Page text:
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This might sound negative, but the only Japanese fighter I could see having any true impact on the UFC's five divisions is Okami. That includes all fighters inside and outside of the UFC if they were to join the UFC. Okami's the only japanese fighter worldwide that I would rank in the top ten of all divisions above and including lightweight.

I see many more openings for Japanese fighters to do very well in promotions like the WEC with lighter weight classes.
Some notable fighters that I can see making an impression if they were to come across the pond to the WEC:
Masanori Kenehara (FW division)
Hatsu Hioki (FW division)
Masakazu Imanari (BW division)
Masakatsu Ueda (BW division)

Omigawa is better than both...
Kawajiri would do fine as well as Aoki.
Kikuno would do fine, and is pretty much only getting better.
 

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This might sound negative, but the only Japanese fighter I could see having any true impact on the UFC's five divisions is Okami. That includes all fighters inside and outside of the UFC if they were to join the UFC. Okami's the only japanese fighter worldwide that I would rank in the top ten of all divisions above and including lightweight.
You don't rank Aoki in the top 10? :confused:

How is that possible?
 

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Omigawa is better than both...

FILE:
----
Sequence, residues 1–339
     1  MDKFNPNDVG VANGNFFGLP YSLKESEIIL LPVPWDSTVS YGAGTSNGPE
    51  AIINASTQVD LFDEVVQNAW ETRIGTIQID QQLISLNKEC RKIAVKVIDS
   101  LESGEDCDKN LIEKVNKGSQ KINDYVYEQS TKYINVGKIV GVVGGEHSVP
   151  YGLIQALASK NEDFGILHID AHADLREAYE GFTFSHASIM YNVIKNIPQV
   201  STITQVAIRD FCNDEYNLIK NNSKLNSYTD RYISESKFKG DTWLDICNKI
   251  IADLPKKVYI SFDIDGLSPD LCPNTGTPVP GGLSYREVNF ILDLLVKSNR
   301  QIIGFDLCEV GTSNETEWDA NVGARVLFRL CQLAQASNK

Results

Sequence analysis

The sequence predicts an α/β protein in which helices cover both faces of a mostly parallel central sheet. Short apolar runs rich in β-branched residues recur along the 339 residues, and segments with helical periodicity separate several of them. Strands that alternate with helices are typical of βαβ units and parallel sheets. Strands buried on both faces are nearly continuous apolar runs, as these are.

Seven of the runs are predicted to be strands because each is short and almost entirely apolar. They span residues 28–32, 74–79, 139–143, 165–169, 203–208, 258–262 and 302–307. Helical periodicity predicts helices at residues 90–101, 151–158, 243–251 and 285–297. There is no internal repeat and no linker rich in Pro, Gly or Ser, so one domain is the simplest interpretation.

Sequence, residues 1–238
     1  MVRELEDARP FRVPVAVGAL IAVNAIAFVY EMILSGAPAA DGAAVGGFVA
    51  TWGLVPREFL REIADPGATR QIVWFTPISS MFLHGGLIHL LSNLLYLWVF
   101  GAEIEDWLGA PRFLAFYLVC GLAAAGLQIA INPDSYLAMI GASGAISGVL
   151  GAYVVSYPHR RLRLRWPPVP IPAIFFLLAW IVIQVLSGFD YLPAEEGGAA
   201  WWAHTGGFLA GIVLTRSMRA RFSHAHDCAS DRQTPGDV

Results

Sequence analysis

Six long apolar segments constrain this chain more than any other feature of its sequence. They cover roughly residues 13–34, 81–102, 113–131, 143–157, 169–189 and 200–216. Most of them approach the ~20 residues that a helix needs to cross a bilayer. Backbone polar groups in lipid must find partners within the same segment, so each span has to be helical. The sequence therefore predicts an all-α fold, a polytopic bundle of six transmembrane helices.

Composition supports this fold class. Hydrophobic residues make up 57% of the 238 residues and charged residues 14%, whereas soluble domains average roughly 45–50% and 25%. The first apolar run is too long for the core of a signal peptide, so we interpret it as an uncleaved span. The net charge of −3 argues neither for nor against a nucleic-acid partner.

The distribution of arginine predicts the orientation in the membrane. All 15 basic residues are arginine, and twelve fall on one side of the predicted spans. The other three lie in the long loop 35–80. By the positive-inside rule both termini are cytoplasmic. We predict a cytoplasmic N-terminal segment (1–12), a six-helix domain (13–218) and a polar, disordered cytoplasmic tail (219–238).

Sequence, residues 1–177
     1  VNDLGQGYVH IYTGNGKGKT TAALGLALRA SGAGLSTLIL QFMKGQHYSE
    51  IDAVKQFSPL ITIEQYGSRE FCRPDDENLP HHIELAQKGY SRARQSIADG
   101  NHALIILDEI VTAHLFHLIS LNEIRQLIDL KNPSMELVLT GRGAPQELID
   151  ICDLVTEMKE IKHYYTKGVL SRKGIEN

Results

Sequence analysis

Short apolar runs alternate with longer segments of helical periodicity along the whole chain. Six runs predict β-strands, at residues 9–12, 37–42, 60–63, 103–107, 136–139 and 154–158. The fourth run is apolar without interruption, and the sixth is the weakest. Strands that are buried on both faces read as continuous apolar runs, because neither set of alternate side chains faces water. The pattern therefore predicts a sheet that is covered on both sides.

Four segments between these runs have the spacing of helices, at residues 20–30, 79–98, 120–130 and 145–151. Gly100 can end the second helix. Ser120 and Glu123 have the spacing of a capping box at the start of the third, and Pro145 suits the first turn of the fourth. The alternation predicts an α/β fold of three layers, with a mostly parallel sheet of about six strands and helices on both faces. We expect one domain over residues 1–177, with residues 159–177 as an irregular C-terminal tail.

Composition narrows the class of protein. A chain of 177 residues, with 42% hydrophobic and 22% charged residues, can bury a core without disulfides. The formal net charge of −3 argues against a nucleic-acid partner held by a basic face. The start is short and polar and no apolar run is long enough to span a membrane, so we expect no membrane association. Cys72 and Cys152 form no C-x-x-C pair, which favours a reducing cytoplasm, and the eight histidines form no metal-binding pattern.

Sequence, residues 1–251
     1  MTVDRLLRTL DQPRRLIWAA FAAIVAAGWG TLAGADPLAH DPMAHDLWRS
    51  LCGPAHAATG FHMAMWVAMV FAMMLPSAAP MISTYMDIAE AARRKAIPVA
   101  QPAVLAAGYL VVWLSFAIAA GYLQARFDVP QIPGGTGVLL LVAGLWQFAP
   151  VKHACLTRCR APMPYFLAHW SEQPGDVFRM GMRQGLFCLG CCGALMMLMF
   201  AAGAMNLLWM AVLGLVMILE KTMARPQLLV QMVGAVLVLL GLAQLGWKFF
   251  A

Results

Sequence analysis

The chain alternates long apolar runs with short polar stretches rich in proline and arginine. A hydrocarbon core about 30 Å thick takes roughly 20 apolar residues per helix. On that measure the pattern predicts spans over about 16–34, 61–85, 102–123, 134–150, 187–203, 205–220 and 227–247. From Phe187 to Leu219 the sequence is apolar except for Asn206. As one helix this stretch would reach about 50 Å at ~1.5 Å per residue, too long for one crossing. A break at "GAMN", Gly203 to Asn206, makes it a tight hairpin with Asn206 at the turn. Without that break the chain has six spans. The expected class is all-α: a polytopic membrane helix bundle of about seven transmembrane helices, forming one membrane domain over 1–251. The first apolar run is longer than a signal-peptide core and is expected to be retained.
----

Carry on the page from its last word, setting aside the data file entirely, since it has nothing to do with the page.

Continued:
Kawajiri would do fine as well as Aoki.
Kikuno would do fine, and is pretty much only getting better.
You don't rank Aoki in the top 10? :confused:

How is that possible?
I don't know much aout Kikuno, but I'm very skeptical that Aoki or Kawajiri are in the top 10 Lightweights in the world. Aoki is ridiculous, for sure, but I don't see his fighting style holding up against many of the UFC's LW's. When Melendez dominated him it really exposed perhaps one of the largest flaws I've seen a "top" fighter have: the inability (or unwillingness) of Aoki to engage in a stand up battle or to take his opponent down and play into Aoki's strengths. If they were to ever come to the UFC then we would surely find out soon, but I see the likes of Penn, Florian, Edgar, Sotir, Maynard, Dunham, Griffin, and even Sanchez (if he goes back to LW) with the odds in their favor over the likes of Aoki and Kawajiri.
No doubt in my mind Aoki could sub any of these guys if the position is right, the problem is I don't see him getting there against the aforementioned fighters.
 

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You don't rank Aoki in the top 10? :confused:

How is that possible?
Omigawa is better than both...
Kawajiri would do fine as well as Aoki.
Kikuno would do fine, and is pretty much only getting better.